Harbor Branch scientists and technicians designed and built the prototype system from a series of large tanks, PVC pipe of various dimensions and multiple pumps and filters. They have been using it successfully for the past year to grow substantial amounts of pompano, oysters, shrimp, seas urchins and seaweed.
“With the oysters, John found that they will use the particulates in [the waste water that comes from the pompano] but they don’t grow particularly well on them alone,” says Wills. “There is something missing.
“So we did an experiment where plumbed another loop in the system and used a separate stream of filtered water to grow microalgae – which grows very well from the nutrients in that stream, without any additional fertilizer – and then used the microalgae to supplement the oysters’ diet. With that supplement, they grow quite well.”
In basic aquaculture, 1,000 pounds of feed might produce 100 pounds of fish, with the fish waste and wasted feed creating a polluted effluent.
In the Harbor Branch system, the oysters, sea urchins, shrimp and seaweed are all extra, economically-valuable products and there is no pollution or need for a continual supply of fresh water.
After the oysters, sea urchins and shrimp have consumed most of the waste and all of the particles, water that is still loaded with nitrogen and other nutrients feeds a thriving seaweed garden in four outdoor tanks instead of entering the lagoon or some other water body.
“We harvest 240 pounds of seaweed each week during the summer,” Wills says.
The seaweed is edible and has other commercial uses.
Wills says it could potentially be processed into feed for the pompano, closing the magic circle and making the system a world unto itself.
“Right now, we have energy inputs, because of the pumps, but someday we may use windmills or solar power,” Wills says. “Our goal is sustainability.”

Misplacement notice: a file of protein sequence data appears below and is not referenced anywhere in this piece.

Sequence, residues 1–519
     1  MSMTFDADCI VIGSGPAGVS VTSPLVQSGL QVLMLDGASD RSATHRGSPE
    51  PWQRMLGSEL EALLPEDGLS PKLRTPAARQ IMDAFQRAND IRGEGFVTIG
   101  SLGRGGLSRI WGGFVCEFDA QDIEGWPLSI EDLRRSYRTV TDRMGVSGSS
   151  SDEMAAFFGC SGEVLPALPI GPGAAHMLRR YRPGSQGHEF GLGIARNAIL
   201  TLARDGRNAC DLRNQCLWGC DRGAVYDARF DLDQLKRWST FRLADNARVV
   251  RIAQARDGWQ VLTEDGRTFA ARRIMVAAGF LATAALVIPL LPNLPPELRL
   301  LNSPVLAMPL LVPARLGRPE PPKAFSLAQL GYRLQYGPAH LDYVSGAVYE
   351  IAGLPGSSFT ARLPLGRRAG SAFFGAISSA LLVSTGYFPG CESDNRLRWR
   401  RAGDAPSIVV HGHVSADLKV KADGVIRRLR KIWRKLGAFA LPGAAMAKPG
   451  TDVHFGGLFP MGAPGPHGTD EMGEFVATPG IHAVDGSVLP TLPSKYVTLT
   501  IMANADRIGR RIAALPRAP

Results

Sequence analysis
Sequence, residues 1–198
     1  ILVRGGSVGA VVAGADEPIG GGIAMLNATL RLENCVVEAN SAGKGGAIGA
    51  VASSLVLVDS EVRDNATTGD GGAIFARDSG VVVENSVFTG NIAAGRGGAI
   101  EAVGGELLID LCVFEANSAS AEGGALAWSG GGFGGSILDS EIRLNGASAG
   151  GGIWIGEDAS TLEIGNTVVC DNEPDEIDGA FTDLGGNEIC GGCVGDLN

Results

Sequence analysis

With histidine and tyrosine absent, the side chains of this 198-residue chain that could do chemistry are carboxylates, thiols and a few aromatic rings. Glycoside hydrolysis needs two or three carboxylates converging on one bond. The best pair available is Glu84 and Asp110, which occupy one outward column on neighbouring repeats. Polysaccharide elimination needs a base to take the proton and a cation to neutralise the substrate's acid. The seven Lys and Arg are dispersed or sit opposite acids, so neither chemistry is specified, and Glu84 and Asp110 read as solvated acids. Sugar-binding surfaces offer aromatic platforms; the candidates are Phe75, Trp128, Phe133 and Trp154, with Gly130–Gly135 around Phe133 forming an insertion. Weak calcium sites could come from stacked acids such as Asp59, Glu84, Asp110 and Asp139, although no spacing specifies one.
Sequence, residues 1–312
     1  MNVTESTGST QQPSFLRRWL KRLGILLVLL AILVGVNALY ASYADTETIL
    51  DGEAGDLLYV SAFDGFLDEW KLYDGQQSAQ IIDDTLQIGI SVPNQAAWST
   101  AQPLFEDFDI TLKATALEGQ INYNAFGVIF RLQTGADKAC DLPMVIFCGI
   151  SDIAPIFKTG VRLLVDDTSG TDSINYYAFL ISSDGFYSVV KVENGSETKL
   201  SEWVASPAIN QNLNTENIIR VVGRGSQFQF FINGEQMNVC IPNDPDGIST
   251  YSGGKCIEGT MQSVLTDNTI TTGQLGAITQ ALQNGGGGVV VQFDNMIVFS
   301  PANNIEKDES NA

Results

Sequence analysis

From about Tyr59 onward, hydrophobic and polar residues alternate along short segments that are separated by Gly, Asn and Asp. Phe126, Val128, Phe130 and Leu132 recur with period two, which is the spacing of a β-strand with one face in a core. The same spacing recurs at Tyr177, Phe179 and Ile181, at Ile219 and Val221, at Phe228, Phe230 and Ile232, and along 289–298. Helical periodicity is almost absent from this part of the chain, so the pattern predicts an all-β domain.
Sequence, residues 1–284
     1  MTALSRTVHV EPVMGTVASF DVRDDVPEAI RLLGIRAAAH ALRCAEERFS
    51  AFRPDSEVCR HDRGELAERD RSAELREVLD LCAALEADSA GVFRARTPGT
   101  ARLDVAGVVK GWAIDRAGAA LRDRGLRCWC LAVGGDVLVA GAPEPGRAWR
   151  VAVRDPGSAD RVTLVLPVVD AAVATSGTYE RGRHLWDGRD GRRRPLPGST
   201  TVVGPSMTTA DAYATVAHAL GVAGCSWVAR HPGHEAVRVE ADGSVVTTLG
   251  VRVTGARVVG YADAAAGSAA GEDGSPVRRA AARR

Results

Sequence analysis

The hub and spoke system is highly scalable, meaning it can be made as large as a farmer wants, and it allows species to be plugged in and unplugged without disrupting the flow of nutrients to other parts of the system.
Wills, Scarpa and three other Ph.Ds. who work them are research scientists, which means they create new knowledge by carefully observing nature, recording their observations and duplicating their experiments to be sure first results were correct, all in accordance with classic scientific method.
They crank out a steady stream of peer-reviewed scientific papers that report the results of experiments conducted to better understand and improve the practice of aquaculture and fish populations in the wild.
But they are not ivory tower academics, accumulating knowledge for knowledge’s sake.
“We want to move new information and improved techniques into the industry as fast as possible,” says Scarpa. “That is our main focus.”
They do that by sharing their latest findings in an ongoing a series of workshops, some open to the public and some by invitation only, that target different segments of the aquaculture industry.
Farmers and state extension agents who take classes also help guide the scientists’ research, presenting problems encountered in the field for them to solve in their marine laboratories.
“We try to keep the classes as inexpensive and accessible as possible,” Scarpa says.
Harbor Branch aquaculture also has a robust academic education program, with programs and classes for interns, undergraduates and students studying for master’s and doctoral degrees.
A number of students introduced to aquaculture in a general education requirement class have caught the marine biology bug and gone on to get advanced degrees in marine science.